Consequently, for the socialist only the collective — humanity as a whole — has rights, which the strongest dole out as they see fit or as expedience dictates. The distortion that is capitalism transforms into the perversion that is socialism.
|Fulton Sheen: Novelty trumps truth today.|
If that were all, however, it is unlikely that socialism would have made much headway in the West, and its combination of Greco-Roman legal and political philosophy (reason — lex ratio) in civil society with its emphasis on inherent rights, and Judeo-Christian-Islamic theology with its emphasis on the inherent dignity of each human being as a human being under the highest sovereignty of God in religious society. The new concept of civil society with its innovative scientific principles that overturned traditional Aristotelian-Thomism had to be joined with a new concept of religious society to replace traditional God-centered monotheism. As Sheen explained,
“The whole appeal of the new idea of religion is that it is in perfect accord with the latest findings of science. Professor [Alfred North] Whitehead, so deservedly recognized as a great scientist, has recently come forward in his ‘Religion in the Making’ to construct a religion on the new theories of science. If a theory quite as fragile as relativity is dubious for science, the field where it properly belongs, it does not seem reasonable to make it serve as religion’s all-sufficient foundation. There can be no doubt that it is the novelty in the application, and not the truth which appeals. It is not by bread alone that the modern philosopher of religion lives, but principally by catchwords.” (Sheen, Religion Without God, op. cit., 244.)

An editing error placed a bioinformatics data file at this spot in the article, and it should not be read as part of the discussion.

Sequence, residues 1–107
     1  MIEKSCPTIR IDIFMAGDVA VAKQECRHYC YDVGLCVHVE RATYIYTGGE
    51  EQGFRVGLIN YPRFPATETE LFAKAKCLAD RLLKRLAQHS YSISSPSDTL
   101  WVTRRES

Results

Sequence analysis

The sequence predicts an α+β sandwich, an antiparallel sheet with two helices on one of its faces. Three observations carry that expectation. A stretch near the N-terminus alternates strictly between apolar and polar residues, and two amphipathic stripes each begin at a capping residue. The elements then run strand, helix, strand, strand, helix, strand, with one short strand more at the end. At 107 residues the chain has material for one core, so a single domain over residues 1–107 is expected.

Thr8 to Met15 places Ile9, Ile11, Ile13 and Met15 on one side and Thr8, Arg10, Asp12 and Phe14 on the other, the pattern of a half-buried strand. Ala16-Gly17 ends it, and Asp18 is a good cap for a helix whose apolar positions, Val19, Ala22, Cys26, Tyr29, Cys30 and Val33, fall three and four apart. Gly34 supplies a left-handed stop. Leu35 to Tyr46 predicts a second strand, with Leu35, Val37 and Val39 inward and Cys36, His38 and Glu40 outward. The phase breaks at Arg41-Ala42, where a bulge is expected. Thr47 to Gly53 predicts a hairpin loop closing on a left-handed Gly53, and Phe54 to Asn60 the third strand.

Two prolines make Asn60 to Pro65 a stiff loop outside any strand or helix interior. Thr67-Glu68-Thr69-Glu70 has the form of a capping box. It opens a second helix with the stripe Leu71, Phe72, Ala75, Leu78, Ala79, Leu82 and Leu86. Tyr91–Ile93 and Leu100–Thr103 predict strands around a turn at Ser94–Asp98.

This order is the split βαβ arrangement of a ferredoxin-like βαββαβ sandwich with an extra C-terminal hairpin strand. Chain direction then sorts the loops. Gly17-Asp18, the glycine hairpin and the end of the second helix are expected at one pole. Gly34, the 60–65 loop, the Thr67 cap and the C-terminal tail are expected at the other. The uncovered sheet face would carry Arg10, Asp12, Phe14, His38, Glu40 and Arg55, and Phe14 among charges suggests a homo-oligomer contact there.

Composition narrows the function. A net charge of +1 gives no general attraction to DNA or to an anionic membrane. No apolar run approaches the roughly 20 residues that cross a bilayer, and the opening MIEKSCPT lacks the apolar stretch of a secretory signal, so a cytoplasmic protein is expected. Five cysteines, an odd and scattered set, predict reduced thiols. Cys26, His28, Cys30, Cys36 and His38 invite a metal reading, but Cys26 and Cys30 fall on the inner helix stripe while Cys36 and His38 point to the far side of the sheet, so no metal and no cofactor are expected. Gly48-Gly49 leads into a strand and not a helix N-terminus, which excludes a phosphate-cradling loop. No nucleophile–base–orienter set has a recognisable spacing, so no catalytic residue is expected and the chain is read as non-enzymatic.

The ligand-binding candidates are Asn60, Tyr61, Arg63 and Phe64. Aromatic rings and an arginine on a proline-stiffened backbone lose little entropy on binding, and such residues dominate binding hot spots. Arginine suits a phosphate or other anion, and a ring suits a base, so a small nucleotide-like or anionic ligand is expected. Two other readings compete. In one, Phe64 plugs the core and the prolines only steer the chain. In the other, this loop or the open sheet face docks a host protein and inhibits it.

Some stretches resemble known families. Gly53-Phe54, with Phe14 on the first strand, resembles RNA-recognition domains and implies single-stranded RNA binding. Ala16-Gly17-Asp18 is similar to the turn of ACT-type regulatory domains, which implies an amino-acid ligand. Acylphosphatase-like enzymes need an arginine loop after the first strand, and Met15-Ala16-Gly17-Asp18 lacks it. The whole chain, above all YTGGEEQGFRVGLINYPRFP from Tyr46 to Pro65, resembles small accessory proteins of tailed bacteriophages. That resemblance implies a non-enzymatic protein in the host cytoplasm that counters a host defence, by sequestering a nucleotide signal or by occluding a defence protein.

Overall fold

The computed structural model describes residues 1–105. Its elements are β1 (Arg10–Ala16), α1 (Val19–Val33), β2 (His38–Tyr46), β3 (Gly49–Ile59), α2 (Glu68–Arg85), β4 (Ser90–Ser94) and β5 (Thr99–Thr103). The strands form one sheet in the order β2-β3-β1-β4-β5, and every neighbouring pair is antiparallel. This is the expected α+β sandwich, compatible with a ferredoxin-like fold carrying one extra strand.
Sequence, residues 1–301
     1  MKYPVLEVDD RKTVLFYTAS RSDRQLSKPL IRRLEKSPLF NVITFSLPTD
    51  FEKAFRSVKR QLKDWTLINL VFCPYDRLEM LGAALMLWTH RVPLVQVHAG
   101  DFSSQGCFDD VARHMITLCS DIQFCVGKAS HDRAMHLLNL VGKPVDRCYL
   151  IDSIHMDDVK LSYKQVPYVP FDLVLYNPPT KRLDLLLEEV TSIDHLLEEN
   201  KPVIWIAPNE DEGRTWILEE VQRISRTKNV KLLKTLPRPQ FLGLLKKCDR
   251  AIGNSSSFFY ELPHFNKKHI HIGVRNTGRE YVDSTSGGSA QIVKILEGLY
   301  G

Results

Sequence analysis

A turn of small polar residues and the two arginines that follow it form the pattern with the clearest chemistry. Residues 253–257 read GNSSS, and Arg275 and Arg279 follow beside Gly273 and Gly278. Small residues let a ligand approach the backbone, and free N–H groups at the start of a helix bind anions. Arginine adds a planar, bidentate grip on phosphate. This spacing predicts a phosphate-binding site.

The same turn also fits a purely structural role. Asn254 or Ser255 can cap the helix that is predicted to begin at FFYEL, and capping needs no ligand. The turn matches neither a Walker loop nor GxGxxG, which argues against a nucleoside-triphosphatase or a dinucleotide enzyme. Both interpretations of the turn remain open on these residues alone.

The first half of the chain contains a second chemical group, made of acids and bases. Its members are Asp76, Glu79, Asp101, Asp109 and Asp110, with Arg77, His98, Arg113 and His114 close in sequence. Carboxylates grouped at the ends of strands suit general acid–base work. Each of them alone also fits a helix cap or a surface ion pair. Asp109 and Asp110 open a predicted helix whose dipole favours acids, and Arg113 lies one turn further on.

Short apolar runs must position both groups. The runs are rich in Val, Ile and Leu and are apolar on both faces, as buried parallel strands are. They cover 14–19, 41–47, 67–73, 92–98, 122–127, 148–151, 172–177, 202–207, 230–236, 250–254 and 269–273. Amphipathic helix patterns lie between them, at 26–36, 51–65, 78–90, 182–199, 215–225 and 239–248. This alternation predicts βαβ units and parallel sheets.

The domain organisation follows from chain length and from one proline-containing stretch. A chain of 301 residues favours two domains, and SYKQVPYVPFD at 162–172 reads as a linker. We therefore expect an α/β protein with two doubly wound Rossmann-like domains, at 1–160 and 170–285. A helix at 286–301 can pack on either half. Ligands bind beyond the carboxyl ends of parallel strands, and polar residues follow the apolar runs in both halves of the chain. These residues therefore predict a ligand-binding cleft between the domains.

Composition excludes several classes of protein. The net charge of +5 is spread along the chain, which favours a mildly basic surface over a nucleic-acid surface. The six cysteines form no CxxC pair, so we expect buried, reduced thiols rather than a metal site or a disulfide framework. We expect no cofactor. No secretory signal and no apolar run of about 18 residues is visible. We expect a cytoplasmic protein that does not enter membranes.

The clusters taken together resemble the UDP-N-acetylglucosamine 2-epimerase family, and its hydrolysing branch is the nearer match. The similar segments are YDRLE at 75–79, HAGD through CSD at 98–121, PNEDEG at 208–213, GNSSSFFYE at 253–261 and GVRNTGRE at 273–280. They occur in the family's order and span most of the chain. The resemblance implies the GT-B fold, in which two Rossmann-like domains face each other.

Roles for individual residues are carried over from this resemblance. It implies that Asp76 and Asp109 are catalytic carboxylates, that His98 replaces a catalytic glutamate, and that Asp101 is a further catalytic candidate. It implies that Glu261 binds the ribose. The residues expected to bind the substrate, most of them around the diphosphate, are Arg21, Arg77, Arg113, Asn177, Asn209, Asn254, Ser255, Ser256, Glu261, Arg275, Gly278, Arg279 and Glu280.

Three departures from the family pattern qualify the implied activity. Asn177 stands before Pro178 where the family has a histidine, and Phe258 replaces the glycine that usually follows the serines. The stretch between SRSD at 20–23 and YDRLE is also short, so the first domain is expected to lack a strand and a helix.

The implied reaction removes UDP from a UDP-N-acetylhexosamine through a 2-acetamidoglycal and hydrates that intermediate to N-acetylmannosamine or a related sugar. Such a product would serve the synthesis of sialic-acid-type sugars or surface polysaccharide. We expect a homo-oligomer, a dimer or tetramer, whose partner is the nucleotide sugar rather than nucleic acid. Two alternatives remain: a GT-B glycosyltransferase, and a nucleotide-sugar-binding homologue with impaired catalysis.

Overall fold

Suggesting that Chesterton was more than a little familiar with the passage quoted above, we find the same idea expressed in The “Dumb Ox” five years later. This is where Chesterton described the presumed conflict in the Middle Ages between the new, half-understood science of Aristotle that had been twisted by the Averroists, and the demand for a new concept of religion to reconcile religion and science by making one go down before the other.
Aquinas, of course (and Chesterton, Knox, Sheen, and Adler), took the stand that both science and religion — reason and faith — are true. Being different aspects of the one truth, science and religion are true in the same way. Neither one need be sacrificed to preserve the other, either by inventing a new concept of science to conform to religion, or a new concept of religion to conform to science. As Chesterton explained,
|Thomas Aquinas: There is only one truth.|
“St. Thomas was willing to allow the one truth to be approached by two paths, precisely because he was sure there was only one truth. Because the Faith was the one truth, nothing discovered in nature could ultimately contradict the Faith. Because the Faith was the one truth, nothing really deduced from the Faith could ultimately contradict the facts. It was in truth a curiously daring confidence in the reality of his religion; and though some may linger to dispute it, it has been justified. The scientific facts, which were supposed to contradict the Faith in the nineteenth century, are nearly all of them regarded as unscientific fictions in the twentieth century. . . . But whether his confidence was right or wrong, it was specially and supremely a confidence that there is one truth which cannot contradict itself.” (Chesterton, The “Dumb Ox”, op. cit., 93-94.)